Plants are generally not adequate sources of B12; however, nutritional yeast, fortified cereals, and fortified soy products and energy bars can be sources of vitamin B12. However, be aware that nutritional yeast alone is not known to contain sufficient B12 or even well-absorbable B12. Therefore, it should be fortified for the best nutritional value.
Vitamin B12 Facts of Interest?
Here are some interesting facts about Vitamin B12:
- Cobalt, a trace soil mineral, is needed by grazing animals to form B12. It is the cobalt that is the key element in allowing for B12 vitamin production. Cobalt itself is not used by the body but the substance it yields is the B12.
- Cyanide is a by-product of B12 metabolism but it is minimal and does no harm to our systems as of current scientific knowledge.
- Intrinsic factor, a natural chemical formed in the human stomach must be present for proper digestive absorption of B12. Aging, certain drugs (especially antibiotics), diseases and surgery can all disrupt or interfere with B12 absorption.
- About 50% of an oral dose of 1000mcg of vitamin B12 can be absorbed, but this absorption decreases if the threshold of intrinsic factor is exceeded (>2000mcg).
- Pernicious anemia is a very serious condition in which stomach cells with intrinsic factor are attacked by the immune system.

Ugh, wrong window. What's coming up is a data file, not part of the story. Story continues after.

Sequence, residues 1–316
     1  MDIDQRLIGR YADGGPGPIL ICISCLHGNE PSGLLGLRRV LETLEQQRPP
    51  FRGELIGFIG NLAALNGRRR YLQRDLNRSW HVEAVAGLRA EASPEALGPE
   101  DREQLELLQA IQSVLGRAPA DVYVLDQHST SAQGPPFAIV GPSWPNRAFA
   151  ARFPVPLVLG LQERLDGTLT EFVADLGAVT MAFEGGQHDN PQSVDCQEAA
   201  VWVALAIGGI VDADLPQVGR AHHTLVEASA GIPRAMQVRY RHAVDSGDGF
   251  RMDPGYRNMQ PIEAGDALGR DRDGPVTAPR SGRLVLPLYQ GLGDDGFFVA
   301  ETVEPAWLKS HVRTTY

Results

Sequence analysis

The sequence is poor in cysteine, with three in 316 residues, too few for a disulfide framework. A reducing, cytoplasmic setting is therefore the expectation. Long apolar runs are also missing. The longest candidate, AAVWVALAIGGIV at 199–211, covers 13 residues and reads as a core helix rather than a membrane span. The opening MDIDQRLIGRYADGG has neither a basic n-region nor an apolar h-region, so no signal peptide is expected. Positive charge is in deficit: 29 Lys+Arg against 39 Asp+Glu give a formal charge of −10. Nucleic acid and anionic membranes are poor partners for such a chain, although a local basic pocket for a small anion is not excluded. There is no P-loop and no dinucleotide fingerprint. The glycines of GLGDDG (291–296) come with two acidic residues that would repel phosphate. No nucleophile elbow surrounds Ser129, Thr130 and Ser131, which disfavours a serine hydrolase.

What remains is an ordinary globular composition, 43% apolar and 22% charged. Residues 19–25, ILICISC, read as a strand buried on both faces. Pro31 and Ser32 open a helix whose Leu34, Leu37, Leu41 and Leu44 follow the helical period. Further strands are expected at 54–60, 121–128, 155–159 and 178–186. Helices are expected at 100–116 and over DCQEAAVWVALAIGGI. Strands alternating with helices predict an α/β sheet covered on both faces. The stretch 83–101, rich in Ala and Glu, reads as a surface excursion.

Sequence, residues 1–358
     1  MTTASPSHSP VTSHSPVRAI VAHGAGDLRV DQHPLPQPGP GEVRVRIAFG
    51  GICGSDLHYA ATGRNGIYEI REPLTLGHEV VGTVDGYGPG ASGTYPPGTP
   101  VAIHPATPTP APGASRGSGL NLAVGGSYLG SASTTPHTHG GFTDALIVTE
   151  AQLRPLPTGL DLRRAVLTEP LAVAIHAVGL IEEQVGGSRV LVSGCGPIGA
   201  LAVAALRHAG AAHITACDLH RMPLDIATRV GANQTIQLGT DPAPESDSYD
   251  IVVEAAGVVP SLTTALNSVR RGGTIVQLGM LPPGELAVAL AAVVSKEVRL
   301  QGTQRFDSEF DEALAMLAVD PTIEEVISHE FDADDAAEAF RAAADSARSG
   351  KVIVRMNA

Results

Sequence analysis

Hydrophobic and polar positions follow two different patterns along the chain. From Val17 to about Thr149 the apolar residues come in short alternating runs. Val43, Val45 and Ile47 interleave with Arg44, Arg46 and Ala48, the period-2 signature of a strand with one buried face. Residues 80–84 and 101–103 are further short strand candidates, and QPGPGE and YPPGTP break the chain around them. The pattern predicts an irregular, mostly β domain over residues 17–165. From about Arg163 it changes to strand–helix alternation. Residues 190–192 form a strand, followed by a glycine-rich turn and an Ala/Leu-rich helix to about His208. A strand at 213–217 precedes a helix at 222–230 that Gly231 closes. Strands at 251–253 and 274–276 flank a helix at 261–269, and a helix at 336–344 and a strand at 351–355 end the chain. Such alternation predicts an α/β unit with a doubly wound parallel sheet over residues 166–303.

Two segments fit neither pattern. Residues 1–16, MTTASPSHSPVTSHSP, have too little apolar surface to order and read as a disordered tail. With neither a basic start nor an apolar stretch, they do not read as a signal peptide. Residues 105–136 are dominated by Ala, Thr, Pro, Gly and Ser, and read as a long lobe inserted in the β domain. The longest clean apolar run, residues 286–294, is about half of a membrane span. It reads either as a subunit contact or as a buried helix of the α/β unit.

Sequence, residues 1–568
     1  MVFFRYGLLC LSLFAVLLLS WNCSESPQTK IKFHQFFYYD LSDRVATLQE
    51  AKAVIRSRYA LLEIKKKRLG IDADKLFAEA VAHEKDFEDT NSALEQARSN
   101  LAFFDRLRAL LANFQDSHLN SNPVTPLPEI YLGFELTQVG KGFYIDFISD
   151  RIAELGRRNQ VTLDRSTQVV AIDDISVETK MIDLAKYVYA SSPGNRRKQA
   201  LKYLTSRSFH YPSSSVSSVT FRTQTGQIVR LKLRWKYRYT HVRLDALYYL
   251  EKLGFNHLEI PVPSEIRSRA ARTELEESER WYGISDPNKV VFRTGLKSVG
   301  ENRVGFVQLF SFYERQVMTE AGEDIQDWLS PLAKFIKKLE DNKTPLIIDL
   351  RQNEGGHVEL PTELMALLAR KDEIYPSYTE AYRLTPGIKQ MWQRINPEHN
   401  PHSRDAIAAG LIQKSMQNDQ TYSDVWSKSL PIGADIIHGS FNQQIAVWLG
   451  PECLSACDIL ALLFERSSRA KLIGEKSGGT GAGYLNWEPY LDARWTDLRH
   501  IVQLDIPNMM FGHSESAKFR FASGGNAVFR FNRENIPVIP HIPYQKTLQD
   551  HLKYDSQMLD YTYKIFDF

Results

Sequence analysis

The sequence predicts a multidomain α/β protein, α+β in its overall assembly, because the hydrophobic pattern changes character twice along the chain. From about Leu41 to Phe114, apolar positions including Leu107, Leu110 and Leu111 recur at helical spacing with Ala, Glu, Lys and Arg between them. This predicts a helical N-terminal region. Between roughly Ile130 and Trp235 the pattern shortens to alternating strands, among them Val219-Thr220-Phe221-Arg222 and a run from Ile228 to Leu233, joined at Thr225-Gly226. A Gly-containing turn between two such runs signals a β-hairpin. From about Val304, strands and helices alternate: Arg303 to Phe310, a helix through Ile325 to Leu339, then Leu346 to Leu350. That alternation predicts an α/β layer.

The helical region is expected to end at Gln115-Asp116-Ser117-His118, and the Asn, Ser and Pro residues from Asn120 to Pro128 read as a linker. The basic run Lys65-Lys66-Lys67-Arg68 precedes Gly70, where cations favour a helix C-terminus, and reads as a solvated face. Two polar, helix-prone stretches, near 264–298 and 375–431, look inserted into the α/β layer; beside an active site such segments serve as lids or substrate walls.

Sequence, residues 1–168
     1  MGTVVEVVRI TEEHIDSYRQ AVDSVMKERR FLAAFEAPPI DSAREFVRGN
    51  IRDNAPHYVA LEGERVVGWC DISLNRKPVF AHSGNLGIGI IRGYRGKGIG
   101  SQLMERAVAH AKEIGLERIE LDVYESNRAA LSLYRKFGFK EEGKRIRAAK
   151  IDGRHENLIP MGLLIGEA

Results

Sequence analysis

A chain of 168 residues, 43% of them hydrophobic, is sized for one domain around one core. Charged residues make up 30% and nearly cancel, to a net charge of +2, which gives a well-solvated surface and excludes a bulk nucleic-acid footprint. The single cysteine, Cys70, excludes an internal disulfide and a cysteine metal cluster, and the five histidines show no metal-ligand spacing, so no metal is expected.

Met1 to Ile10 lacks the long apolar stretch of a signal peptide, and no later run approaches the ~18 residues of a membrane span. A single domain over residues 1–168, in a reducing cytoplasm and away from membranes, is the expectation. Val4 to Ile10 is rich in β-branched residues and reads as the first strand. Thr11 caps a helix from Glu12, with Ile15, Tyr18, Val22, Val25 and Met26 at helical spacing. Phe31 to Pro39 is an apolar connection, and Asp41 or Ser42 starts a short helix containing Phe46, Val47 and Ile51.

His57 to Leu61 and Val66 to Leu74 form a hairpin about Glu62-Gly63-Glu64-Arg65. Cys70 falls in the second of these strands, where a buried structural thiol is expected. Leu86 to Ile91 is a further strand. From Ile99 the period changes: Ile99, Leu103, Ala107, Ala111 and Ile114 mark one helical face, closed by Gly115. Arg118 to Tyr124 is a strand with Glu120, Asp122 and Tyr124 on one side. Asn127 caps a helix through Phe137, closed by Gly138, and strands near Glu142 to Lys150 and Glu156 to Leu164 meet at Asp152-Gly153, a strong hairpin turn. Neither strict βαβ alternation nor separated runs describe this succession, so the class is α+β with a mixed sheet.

- Vitamin B12 is given intravenously to treat cyanide poisoning.
- Vegans are very strongly advised to add B12 supplementation to their diets.
Who Is At Risk For a Vitamin B12 Deficiency?
A specific subset of our population may be at risk for a vitamin B12 deficiency, including vegans, strict vegetarians, individuals with Celiac, Crohn’s Disease, and malabsorption or gastrointestinal tumors. Also, those at risk include people who have had bariatric surgery for weight reduction and a fetus or infant whose mother is B12 deficient.
Vitamin B12 is mainly stored in the liver, but a reduction in storage will occur with low or no intake. We store anywhere from 2 to 5 milligrams in the body, with 50% in the liver.
Those who are pregnant or trying to become pregnant, who follow a vegan lifestyle or fall into one of these at-risk groups, must get vitamin supplementation or fortification during this time. Please discuss this with your medical care provider.
Vitamin B12 Deficiency Manifestations
Once the body’s stores of vitamin B12 are diminished due to lack of intake or absorption, or both, serious health issues will arise. It is only when one replenishes the B12 that catastrophic events can be prevented.
You can be examined for possible B12 deficiency by visiting a healthcare provider. You may not realize that you have problems associated with vitamin B12 deficiencies.